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Why Etsy Is Moving Its Data Centers To The Cloud

At the end of a bold two-year project to move its operations to the Google Cloud, craft giant Etsy expects to be nimbler, smarter, and more cost-efficient.

Why Etsy Is Moving Its Data Centers To The Cloud
[Photo: Flickr user Ben Seidelman]

Earlier this year, craft site Etsy began its own artisan project of sorts, a two-year journey to bring its self-managed data centers to the cloud.

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“We’d been in a [physical] data center since the company was founded 13 years ago,” Mike Fisher, CTO of Etsy, tells Fast Company. But as the company started to look at what it needed to scale, the time came to consider change—both to better functionality and sustainability.

“Etsy, since its inception, has been focused on this idea of sustainability,” says Fisher. “That means everything from the way we own and operate our offices, food delivery, compost, and everything to of course renewable energy.”

The company decided to make a commitment to reduce the energy utilization from its data centers by 25% over the next few years, a task made significantly easier by the cloud. A data center runs 24/7, 365—but with the cloud, Etsy could scale things down when it didn’t need that peak capacity.

“I gave this example the other day that to spin up 150 servers might take us weeks to months at the data center by the time we order them and rack them and provision and so forth,” Fisher says. “It’s not exactly—but that equivalent as one of our [cloud] exercises we did it in about four minutes. So that’s the type of compute on demand that we can do.”

That speed gives Etsy a lot more power when it comes to machine learning, which benefits its users. For instance, the site can provide context-specific search rankings, where Etsy takes search results and applies those results to the context that the user made the search in.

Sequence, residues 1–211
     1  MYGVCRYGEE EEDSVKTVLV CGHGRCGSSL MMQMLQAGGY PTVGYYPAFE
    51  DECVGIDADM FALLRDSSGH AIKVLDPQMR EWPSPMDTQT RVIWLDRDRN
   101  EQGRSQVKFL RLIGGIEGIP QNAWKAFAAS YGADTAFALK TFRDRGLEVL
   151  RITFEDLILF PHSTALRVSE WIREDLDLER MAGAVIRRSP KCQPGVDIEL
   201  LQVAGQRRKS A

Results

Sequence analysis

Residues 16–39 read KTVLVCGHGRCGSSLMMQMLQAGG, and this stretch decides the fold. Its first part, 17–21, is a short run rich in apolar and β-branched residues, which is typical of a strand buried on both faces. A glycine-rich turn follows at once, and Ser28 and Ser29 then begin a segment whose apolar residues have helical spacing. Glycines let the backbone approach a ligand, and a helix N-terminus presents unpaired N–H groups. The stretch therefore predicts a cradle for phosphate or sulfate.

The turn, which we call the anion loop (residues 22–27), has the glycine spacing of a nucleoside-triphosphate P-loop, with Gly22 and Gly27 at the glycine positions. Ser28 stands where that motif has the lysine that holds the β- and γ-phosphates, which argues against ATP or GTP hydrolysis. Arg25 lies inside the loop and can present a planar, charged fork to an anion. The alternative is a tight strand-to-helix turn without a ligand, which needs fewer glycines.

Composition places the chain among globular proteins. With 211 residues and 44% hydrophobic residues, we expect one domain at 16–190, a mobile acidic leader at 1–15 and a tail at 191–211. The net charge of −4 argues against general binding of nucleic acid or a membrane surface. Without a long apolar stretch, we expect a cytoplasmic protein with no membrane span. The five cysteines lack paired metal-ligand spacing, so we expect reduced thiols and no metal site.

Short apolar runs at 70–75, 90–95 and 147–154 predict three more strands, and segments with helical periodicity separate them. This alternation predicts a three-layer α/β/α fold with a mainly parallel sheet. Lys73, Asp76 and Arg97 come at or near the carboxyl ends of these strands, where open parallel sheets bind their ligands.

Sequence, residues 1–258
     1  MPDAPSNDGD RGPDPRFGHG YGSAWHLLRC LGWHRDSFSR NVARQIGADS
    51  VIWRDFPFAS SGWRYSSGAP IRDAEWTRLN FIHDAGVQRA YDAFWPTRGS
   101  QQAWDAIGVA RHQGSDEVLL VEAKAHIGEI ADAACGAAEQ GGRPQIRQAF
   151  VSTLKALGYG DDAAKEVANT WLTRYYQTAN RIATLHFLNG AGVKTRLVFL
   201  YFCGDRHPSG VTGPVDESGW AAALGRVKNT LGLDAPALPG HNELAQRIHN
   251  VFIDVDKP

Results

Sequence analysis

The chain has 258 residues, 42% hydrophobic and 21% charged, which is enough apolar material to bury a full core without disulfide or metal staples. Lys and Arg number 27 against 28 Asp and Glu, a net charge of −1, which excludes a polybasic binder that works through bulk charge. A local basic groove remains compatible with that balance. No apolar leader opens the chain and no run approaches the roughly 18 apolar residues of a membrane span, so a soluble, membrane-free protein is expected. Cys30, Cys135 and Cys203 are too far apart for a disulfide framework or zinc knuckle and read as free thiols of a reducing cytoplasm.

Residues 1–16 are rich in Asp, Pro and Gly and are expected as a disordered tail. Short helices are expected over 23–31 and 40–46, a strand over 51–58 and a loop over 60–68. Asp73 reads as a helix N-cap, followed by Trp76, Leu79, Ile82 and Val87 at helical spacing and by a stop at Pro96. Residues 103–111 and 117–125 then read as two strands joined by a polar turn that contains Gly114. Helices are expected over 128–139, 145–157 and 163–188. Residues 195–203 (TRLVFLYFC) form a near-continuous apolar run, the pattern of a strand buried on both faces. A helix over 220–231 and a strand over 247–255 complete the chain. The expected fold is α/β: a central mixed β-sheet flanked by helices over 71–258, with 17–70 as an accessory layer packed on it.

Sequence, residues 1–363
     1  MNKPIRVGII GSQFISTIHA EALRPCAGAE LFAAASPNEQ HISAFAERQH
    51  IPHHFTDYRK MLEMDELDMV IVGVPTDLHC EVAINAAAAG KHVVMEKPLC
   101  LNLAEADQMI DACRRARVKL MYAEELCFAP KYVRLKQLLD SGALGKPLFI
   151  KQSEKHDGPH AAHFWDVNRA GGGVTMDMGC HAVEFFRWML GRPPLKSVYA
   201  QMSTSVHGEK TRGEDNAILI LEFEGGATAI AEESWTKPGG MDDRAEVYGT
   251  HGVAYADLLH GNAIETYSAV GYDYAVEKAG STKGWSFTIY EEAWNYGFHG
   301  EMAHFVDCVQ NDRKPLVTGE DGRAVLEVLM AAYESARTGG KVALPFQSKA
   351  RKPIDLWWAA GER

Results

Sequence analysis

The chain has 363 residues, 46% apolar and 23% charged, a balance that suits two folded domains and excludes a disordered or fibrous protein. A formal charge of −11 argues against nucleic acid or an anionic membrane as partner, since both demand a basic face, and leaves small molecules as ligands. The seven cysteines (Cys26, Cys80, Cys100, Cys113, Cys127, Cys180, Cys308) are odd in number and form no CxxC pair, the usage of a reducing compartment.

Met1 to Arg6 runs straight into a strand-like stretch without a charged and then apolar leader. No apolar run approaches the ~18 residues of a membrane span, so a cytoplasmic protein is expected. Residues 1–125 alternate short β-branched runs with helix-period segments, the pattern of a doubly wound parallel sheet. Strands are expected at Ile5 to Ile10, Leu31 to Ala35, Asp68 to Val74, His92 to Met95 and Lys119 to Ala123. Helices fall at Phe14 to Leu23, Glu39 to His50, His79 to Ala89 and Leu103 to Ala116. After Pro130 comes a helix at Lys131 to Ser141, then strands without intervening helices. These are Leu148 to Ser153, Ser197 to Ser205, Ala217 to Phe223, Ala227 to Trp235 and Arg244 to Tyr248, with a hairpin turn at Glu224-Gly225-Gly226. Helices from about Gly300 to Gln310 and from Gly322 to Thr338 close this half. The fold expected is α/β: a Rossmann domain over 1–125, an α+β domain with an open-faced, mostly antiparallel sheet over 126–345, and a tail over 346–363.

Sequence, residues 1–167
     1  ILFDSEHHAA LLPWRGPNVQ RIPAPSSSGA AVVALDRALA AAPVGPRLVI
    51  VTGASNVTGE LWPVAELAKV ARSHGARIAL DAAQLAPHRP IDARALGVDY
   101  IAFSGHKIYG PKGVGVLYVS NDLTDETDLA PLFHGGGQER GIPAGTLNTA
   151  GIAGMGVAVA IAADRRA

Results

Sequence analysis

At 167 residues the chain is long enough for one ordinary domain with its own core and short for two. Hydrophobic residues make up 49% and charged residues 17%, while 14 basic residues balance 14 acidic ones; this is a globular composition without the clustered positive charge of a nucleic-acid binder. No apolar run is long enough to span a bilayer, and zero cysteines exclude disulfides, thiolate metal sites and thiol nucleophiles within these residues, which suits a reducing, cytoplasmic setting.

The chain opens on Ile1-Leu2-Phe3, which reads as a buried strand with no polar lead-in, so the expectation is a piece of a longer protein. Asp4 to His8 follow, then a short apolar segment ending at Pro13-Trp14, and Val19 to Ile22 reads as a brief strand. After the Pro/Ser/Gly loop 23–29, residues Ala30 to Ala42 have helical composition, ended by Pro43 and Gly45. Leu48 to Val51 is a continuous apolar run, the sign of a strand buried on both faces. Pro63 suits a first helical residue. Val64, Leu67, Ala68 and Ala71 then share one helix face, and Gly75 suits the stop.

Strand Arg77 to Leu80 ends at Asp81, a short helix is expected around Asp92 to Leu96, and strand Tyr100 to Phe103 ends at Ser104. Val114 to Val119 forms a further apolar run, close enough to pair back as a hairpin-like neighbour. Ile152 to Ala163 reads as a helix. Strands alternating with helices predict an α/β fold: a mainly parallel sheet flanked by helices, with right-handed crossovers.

In that scenario, it knows a user has clicked on a host of specific items before performing a search and can apply that information to list relevant items first rather than provide results of 200 different items in random order.

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“We’re looking to apply it to lots of other areas within the site,” Fisher says. Because of the cloud, “If we see an opportunity to apply something in an algorithm like that, we can do so without having to worry about computing constraints.”

Etsy Chooses Google Cloud

While many companies are moving to a multi-cloud strategy, Etsy opted to use just one provider: Google. Fisher says that while the company looked at a few different providers, it was also looking for one that understood its personal commitment to sustainability.

“We saw that with Google, their commitment to sustainability and renewable energy fell very much in line with us,” Fisher says. “And because they’re so focused on it, they were able to understand our perspective on it.”

Google also focuses on two things that are a huge part of Etsy’s business: big data and machine learning.

“We process 1.2 billion events per day. Those 33 million users/buyers who come to the site, they create all these types of events that we monitor, and we have to process all that data,” says Fisher. “That feeds into things like our machine learning. So, behind the scenes, we have this really massive big data machine learning infrastructure that powers us.”

Making the move to the cloud isn’t something that’s going to happen overnight—it’s a process that will be done strategically over two years to minimize the impact on its customers.

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“We’re a couple of months into it. We actually serve a majority of our images from Google already,” says Fisher. He says the move to the cloud will set Etsy up for a much more efficient and sustainable future.

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About the author

Emily is a journalist based in San Francisco.

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